Often, they don’t climb so much that they ever get muscle injuries or muscle pulls but the tendons are falling behind week after week after week.
They’re falling behind and they’re actually getting a little more degraded on top of existing degradation. That’s when the pain starts to reveal.
Common tendon and connective tissue injuries
If you don’t dial things back and you continue on your way, climbing on, then that’s what that’s what can precipitate one of two things,
- In the A-2 pulleys, it’s often a partial tear or rupture. And that’s when you get that acute pain at the base of your finger and it hurts to crimp. That’s not to be ignored, obviously, because that’s more of an acute injury.
- In the elbows, you don’t tend to get a rupture. What you do is you tend to get into this cycle of failed healing of the finger flex muscles that connect to the epicondyle or even shoulder. And so that’s when you get into what is called tendentiousness, old school, they would say tendonitis, which is inflammation of the tendons. The tendons don’t swell up all that much like a bruised muscle or a broken bone does. The tendons just become more degraded and painful. And the medical term most commonly used now as tendonosis, which is a more of a chronic injury.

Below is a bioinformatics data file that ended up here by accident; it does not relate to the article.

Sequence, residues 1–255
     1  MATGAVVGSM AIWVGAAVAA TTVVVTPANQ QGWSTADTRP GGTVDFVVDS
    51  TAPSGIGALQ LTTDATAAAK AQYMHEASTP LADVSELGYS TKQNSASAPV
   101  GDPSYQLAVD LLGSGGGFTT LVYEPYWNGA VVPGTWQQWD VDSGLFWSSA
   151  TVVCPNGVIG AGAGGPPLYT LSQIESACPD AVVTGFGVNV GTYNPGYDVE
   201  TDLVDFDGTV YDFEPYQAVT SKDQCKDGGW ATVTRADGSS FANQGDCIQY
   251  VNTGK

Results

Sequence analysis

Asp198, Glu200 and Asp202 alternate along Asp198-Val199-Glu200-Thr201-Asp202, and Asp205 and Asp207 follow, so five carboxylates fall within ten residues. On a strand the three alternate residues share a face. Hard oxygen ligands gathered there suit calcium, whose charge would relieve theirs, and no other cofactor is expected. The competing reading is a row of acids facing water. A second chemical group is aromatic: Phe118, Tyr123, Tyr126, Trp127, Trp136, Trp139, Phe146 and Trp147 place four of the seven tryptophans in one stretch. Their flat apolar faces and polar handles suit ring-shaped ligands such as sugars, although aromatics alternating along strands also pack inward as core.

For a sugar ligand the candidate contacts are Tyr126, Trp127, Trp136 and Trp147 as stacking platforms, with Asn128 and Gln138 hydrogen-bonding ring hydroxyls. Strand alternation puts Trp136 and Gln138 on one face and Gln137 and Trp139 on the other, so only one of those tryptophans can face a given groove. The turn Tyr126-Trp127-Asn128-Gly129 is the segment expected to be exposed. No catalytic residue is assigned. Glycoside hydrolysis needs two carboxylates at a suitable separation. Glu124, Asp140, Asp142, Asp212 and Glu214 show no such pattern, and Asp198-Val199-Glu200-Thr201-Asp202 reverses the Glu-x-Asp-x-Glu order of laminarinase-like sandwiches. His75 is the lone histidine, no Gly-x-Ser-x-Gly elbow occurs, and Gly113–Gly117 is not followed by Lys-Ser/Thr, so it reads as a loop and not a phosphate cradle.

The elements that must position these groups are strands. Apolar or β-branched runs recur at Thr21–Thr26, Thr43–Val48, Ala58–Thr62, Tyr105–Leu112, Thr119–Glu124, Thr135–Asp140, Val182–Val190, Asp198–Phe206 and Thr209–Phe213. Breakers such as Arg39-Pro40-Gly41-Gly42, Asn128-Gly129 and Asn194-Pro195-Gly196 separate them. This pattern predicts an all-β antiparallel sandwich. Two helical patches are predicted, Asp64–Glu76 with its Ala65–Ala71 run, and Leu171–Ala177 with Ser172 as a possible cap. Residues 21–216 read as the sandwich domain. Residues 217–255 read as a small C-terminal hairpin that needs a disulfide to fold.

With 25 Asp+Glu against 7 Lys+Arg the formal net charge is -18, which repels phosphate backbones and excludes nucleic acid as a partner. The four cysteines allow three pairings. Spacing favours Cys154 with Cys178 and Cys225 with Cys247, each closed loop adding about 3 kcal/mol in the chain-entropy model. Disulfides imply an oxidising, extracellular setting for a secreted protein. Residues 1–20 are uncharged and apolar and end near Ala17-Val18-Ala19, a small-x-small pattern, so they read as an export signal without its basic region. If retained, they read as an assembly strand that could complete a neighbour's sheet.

So the bottom line is most climbing injuries start off as just this low grade overuse type injury.
What causes tendon and connective injuries?
A runner’s analog to that would be somebody gets into running, buys a new pair of shoes, its New Year’s and they set the goal to run a marathon this summer. They start running every day when they had previously not been running every day. They ramp up their mileage really fast. And what do they have in a month or two? They have shin splints or plantar fasciitis. Those are leg-typeleg type injuries that came about the same way.
Climbers get sore fingers or sore elbows or sore shoulders from too much too soon or too much too often.
And then. On top of that. Oftentimes, maybe nutrition, that’s not quite where it should be and maybe not enough sleep and enough rest days, and so it’s kind of becomes a perfect storm when you have a highly motivated climber, a passionate climber, who, if they had the time, would climb every day because they love it so much.That’s a lot of us.
Then you add to that, climbers tend to do one more rep on the route or one more burn on the boulder, and then maybe if they’re really trying to get in shape, maybe they’re cutting their diet back in the wrong places and then having a few too many late nights if they have work or school or family or things that also consume time and again, then you start to combine those factors.
And what do you know, a few months later, you have an injury that unfortunately, if it’s ignored, can mean a forced withdrawal from climbing, where you have to just take time off and we don’t like that, we love climbing and so we don’t want to go there.
So now what?
There are two more videos in this series. Check out the next video here. Recovering for sore tendons using exercise. And then also check out part three where we talk about the nutrition behind recovering your tendons.